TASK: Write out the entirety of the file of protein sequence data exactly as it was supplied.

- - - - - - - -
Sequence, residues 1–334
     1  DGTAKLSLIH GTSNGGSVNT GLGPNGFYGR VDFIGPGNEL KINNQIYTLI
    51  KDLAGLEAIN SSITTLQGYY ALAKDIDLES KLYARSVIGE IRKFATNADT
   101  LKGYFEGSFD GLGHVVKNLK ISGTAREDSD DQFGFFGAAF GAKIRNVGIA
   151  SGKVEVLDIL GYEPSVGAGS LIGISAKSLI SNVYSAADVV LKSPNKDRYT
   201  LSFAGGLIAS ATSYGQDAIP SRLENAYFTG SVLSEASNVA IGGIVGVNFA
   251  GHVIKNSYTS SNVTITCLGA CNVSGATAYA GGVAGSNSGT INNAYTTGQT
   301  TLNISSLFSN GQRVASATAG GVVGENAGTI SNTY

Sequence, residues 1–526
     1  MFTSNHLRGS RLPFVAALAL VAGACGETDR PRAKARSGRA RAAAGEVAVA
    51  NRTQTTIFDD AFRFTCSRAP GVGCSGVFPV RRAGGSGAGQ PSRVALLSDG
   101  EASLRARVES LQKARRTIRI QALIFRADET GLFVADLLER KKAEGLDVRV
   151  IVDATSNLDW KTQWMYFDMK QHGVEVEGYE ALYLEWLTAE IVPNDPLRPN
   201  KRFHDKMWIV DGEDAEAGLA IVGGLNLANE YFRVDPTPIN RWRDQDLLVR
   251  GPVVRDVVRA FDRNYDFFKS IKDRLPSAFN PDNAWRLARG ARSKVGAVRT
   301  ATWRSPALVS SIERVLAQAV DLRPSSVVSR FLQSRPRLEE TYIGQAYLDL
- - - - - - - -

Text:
Sequence, residues 1–334
     1  DGTAKLSLIH GTSNGGSVNT GLGPNGFYGR VDFIGPGNEL KINNQIYTLI
    51  KDLAGLEAIN SSITTLQGYY ALAKDIDLES KLYARSVIGE IRKFATNADT
   101  LKGYFEGSFD GLGHVVKNLK ISGTAREDSD DQFGFFGAAF GAKIRNVGIA
   151  SGKVEVLDIL GYEPSVGAGS LIGISAKSLI SNVYSAADVV LKSPNKDRYT
   201  LSFAGGLIAS ATSYGQDAIP SRLENAYFTG SVLSEASNVA IGGIVGVNFA
   251  GHVIKNSYTS SNVTITCLGA CNVSGATAYA GGVAGSNSGT INNAYTTGQT
   301  TLNISSLFSN GQRVASATAG GVVGENAGTI SNTY

Sequence, residues 1–526
     1  MFTSNHLRGS RLPFVAALAL VAGACGETDR PRAKARSGRA RAAAGEVAVA
    51  NRTQTTIFDD AFRFTCSRAP GVGCSGVFPV RRAGGSGAGQ PSRVALLSDG
   101  EASLRARVES LQKARRTIRI QALIFRADET GLFVADLLER KKAEGLDVRV
   151  IVDATSNLDW KTQWMYFDMK QHGVEVEGYE ALYLEWLTAE IVPNDPLRPN
   201  KRFHDKMWIV DGEDAEAGLA IVGGLNLANE YFRVDPTPIN RWRDQDLLVR
   251  GPVVRDVVRA FDRNYDFFKS IKDRLPSAFN PDNAWRLARG ARSKVGAVRT
   301  ATWRSPALVS SIERVLAQAV DLRPSSVVSR FLQSRPRLEE TYIGQAYLDL